I was particularly intrigued by Lorrie Vogel’s discussion points, which covered two exciting topics: Considered Design, Nike’s closed-loop design vision, and the GreenXchange, an open platform for sharing patented design information (which I will cover in my next blog post). For this discussion, I want to discuss Considered Design and some thoughts about the broader implications that sustainability implementers of all types can draw from Nike’s model.

At its core, Considered Design represents a coordinated approach to tackling what sustainability means (definition) and how it is achieved (implementation). For a major footwear and apparel manufacturer, sustainability issues cut to the heart of business: making core products in a completely new way, without sacrificing quality. Considered Design serves as Nike’s big first step toward realizing a long-term vision of closed-loop design for all of its products.

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September 21, 2010
Water Energy - green business, water energy

Energy efficiency, renewable energy, and green buildings - all are hot topics today as the public becomes more aware of its energy use and environmental impacts.  We focus on how we can reduce energy use in our homes, offices, cars, and appliances, yet there is a little known piece of the puzzle many of us are missing: water.  Supplying, treating, and delivering clean water to our population requires significant amounts of energy.  Additionally, significant amounts of water are required to produce electricity in our fossil fuel plants.  As water supplies dwindle and water and energy demand increases it’s clear that the water-energy relationship is going to be stressed; this is an issue we cannot ignore.

California consumes roughly 38 billion gallons of water a day to supply its cities and farms.  The electricity consumed by California's water infrastructure alone accounts for approximately 7.7% of state’s total electricity requirements.  In response to drought conditions and limited conventional supplies, water managers are increasingly looking to unconventional sources (such as desalination) that require significantly more energy per gallon than current supply options today.  If we continue down this path, supplying water in the future is going to require significantly more energy, further stressing the water-energy relationship.

While there has been wide scale innovation in the energy sector in the last several decades, the water sector has been lagging.  However, a group of experts, entrepreneurs, and volunteers aim to change that.  Imagine H2O recently launched its 2010 Water Energy Nexus Prize Competition, its second annual global business plan competition for water startups.  The 2010 competition will award $100,000 in cash and services to the world’s most promising water businesses that save energy.  Winners are also provided access to Imagine H2O’s Incubator Program that provides free start up services and connections to water leaders, potential customers, and financiers.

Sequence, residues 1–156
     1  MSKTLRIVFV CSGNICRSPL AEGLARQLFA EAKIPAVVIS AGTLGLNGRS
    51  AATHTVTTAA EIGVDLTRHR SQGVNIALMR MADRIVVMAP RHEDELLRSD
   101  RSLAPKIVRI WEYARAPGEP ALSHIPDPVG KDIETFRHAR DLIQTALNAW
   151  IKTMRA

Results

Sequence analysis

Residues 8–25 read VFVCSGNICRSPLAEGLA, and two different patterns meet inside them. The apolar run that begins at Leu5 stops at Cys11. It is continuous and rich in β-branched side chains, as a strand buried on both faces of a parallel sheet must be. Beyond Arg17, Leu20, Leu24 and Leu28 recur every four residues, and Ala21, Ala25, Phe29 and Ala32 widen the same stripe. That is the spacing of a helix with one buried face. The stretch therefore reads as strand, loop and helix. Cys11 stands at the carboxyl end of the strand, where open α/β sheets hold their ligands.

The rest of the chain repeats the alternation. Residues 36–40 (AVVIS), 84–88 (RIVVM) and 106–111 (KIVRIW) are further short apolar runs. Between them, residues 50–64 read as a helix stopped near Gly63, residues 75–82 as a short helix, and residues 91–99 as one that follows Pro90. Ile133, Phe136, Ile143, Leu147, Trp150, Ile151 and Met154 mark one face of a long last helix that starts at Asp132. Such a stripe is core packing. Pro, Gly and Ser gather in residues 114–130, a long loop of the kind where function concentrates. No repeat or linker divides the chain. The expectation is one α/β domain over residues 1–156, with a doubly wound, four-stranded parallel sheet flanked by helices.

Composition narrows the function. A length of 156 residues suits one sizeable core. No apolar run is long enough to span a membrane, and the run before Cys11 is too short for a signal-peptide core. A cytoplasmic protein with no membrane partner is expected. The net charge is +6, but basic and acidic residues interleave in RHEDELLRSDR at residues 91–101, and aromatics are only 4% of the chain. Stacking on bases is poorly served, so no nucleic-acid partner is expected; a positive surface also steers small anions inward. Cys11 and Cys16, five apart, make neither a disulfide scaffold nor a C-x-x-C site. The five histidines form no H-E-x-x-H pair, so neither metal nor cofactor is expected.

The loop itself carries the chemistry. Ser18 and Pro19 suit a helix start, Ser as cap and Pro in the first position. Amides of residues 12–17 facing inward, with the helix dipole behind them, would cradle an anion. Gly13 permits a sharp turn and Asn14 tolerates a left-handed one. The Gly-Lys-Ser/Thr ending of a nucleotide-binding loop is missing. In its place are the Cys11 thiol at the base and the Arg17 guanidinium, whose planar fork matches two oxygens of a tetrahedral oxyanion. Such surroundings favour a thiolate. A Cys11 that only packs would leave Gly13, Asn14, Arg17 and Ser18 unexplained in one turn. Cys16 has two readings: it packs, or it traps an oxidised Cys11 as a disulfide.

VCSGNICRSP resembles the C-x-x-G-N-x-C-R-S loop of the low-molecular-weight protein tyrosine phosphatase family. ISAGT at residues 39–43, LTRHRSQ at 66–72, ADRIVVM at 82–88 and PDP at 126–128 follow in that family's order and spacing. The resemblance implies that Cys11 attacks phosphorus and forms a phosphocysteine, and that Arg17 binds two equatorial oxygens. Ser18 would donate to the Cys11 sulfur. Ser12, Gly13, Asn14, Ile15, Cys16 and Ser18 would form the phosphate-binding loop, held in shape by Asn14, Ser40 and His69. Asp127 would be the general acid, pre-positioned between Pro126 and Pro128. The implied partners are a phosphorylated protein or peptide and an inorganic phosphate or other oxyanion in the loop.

This competition is a great opportunity for start-ups looking for assistance in developing their ideas and technologies into successful companies.  Last year, fifty entrepreneurs applied for Imagine H2O’s 2009 award (aimed at water efficiency).  The competition awarded its grand prize to Fruition Sciences and named two runners up:  Rainwater HOG and WaterSmart Software Inc. Follow Imagine H2O’s competition on the web via Twitter or by joining their online community.

July 15, 2010
Built Environment, Climate, Corporate Sustainability, Water Energy - green business

The California Sustainability Alliance is pleased to share with you an exciting opportunity for cleantech startups, IBM’s SmartCamp Silicon Valley.

The event, to be held on September 8th and 9th, will bring together entrepreneurs, investors, and experienced mentors who want to build a Smarter Planet. Focused on helping society become more instrumented, interconnected and intelligent, SmartCamp will provide five selected startups with world-class mentorship and a direct route to seed and venture capital. The winner will receive a three month mentorship with IBM and an invitation to the international SmartCamp finals in Ireland on November 15th. Applications are due before August 8th, at http://ibm.com/ie/smarterplanet/smartcamp.

The Alliance will be participating in the event, and we can’t wait to hear all of your great ideas! In the meantime, tell us – what kind of technologies would you like to see to make our planet smarter? What cleantech startups are you most excited about?